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[RC] Riding posture - k s swigart

Steph Teeter said:

I'd love to hear from some equitation folks on
?'why' this posture is considered so bad.
It is very easy to get behind the movement of the horse in this posture, and 
getting behind the movement of the horse is more work for the horse and slams 
the rider's weight onto the horse's back.? You also have none of what George 
Morris refers to as a "base of support" (so you are far more likely to end up 
on your ass on the ground if the horse makes a sudden, unexpected move...and 
even if you don't end up on your ass on the ground, you will probably end up on 
your ass in the saddle, thus punishing the horse's back).? If you don't want to 
end up on your ass on the ground, you will have to hold on with your hands 
(which is what saddle bronc riders do, except they are only allowed to use one 
It also makes the horse more likely to hollow its back while being ridden (and 
the picture of the Saudi rider that sparked this debate shows a horse with a 
very hollowed back).? I make no comment as to whether a hollowed back is a good 
way for an endurance horse to travel, certainly many (if not most) of them do.?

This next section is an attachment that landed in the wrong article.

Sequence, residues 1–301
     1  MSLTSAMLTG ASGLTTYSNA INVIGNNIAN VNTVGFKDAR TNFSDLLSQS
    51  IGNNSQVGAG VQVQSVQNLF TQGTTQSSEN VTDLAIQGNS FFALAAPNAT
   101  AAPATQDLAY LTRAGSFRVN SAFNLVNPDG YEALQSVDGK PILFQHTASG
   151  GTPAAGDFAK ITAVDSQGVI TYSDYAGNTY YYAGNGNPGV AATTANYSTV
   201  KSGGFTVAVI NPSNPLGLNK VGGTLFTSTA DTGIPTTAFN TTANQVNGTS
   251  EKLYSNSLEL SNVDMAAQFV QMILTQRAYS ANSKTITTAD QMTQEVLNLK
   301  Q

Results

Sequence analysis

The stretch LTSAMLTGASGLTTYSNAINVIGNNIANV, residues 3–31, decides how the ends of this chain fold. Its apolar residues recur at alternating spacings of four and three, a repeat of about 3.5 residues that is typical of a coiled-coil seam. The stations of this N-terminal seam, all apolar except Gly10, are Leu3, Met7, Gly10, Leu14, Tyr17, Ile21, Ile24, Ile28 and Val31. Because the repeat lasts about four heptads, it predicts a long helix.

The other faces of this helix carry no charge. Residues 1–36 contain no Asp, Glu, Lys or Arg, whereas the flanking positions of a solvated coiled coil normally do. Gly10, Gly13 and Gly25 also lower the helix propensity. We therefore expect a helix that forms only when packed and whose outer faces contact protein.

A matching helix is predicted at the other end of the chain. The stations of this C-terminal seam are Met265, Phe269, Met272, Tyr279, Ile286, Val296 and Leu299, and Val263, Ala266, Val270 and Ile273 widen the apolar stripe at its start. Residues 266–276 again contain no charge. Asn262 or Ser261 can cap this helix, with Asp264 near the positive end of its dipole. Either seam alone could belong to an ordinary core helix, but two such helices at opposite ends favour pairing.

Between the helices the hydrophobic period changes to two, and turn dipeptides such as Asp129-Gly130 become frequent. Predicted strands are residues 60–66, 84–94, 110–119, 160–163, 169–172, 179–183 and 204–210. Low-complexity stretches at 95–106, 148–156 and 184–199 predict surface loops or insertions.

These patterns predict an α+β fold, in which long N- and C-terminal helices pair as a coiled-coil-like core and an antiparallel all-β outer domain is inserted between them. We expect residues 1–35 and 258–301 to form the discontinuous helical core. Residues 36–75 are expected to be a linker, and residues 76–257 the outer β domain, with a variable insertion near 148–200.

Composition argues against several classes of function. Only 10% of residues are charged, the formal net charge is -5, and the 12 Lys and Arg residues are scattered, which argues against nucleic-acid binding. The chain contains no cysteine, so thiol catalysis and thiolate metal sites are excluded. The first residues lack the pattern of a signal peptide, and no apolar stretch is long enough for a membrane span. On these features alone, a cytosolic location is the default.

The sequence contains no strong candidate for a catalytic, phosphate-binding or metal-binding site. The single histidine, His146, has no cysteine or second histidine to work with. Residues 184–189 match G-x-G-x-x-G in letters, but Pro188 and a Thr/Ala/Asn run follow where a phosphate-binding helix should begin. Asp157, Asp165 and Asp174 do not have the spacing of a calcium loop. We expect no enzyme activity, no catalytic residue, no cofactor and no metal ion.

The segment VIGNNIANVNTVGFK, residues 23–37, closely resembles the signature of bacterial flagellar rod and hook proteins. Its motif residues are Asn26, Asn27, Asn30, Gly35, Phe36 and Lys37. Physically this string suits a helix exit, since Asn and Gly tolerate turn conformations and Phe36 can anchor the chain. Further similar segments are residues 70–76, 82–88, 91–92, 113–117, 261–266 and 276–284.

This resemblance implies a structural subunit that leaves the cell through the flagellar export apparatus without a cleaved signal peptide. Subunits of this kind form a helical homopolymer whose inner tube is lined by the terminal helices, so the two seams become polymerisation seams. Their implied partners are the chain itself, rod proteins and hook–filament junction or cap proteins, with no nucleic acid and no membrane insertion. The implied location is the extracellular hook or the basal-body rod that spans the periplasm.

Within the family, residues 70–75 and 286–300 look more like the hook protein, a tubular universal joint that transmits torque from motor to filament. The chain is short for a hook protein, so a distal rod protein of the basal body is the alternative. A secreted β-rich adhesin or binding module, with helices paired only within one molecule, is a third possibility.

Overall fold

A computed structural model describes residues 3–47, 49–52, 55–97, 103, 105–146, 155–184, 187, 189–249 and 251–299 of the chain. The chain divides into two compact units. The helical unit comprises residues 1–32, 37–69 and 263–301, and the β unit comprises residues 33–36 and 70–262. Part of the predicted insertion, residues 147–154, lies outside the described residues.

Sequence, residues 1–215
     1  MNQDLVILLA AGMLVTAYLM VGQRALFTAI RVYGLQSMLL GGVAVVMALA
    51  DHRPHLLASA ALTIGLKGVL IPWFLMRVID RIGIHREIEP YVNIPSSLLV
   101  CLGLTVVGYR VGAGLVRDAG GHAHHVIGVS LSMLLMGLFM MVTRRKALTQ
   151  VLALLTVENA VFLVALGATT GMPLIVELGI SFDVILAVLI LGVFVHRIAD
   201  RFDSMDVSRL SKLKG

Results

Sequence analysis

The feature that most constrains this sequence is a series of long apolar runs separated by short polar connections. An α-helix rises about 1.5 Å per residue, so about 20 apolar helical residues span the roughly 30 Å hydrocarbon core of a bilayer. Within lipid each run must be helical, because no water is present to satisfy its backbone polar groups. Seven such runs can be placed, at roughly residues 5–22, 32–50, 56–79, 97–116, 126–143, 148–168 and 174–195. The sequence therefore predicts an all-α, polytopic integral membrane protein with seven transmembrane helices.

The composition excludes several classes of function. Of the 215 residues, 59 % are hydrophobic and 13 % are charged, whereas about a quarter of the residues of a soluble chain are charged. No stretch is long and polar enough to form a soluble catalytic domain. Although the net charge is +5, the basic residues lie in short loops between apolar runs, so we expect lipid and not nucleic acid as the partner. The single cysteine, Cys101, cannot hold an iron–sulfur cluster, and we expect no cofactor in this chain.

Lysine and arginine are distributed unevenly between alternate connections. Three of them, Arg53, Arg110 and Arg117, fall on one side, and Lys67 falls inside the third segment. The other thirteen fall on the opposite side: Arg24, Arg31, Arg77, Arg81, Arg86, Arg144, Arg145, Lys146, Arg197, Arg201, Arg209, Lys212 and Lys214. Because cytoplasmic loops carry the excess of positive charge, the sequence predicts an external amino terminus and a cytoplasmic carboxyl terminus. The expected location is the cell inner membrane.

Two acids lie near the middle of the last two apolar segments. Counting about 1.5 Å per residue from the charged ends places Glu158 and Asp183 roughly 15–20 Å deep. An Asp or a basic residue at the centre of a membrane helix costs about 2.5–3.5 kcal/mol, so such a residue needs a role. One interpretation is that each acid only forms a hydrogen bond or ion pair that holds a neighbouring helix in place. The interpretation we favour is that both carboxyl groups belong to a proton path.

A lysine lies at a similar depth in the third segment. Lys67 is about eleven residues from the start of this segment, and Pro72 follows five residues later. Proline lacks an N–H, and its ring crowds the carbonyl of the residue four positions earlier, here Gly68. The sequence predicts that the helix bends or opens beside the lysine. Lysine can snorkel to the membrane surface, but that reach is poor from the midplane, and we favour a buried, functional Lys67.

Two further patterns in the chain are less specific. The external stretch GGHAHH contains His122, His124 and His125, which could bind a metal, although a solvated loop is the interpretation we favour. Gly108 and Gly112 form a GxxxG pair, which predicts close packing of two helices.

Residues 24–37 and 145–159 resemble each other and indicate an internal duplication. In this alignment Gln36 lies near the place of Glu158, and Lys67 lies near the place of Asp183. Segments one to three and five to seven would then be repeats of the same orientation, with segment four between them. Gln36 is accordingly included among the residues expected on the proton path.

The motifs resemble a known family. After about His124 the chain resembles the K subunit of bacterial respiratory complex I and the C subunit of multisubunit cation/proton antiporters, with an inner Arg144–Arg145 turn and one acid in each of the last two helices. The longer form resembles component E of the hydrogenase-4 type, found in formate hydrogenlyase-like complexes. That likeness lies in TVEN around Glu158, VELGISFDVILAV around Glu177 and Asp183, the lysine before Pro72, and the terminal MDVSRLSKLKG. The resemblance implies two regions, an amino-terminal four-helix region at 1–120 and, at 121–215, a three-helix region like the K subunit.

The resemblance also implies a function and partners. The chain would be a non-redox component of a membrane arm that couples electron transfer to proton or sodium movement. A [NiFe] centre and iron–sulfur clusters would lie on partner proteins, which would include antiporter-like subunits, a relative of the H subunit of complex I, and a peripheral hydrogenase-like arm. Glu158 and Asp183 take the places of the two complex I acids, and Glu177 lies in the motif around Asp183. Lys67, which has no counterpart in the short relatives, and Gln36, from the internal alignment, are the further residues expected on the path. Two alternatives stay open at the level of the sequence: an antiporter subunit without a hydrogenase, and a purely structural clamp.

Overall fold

It is not, however, a way that I want MY horses to travel.
?They're not trotting, they're cantering. no jumping,
?no lateral movements, very little leg contact. 
They're going in a straight line, at a canter.
Which also describes flat track sprint racing, but it is worthwhile to note 
that jockeys on horses in the Kentucky Derby do not ride this way.? Although 
hundreds of years ago they used to...until they found a way that was easier on 
the horse, which was rapidly adopted all around the world.
?the weight of the rider pivots off the center of
?the saddle as the horse 'rocks'.

And pretty much the entire weight of the rider is on the rider's ass, so on the 
horse's back.? Additionally, if there is "very little leg contact" then it 
becomes very difficult to use the leg as a riding aid, so people who ride in 
this posture are cheating themselves of one of the major methods for 
communicating with the horse.? All seat no leg means that you are reduced to 
having to steer the horse with your hands.? Ugh!

It is also worthwhile to note that in the photo in question there appears to be 
at least four pads underneath this saddle and the rider is what I would 
describe as "miles" up off the horse's back, so she has no way to communicate 
with the horse through her seat either.? She has no leg aids, her legs are not 
on the horse.? She has no seat or weight aids, as they are not on the horse 
either.? And she has virtually no rein aids because the horse has its mouth 
gaping open, even though there is no tension on the reins (so the horse has 
learned to avoid the action of the rider's hand by gaping its mouth open even 
when the rider ISN'T using the reins).? This rider has virtually no way of 
communicating with the horse; although she might be able to steer it by pulling 
on one rein and yanking its head around.? And she might be able to stop it by 
pulling back on both reins at the same time; although, the horse would probably 
hollow out its back even further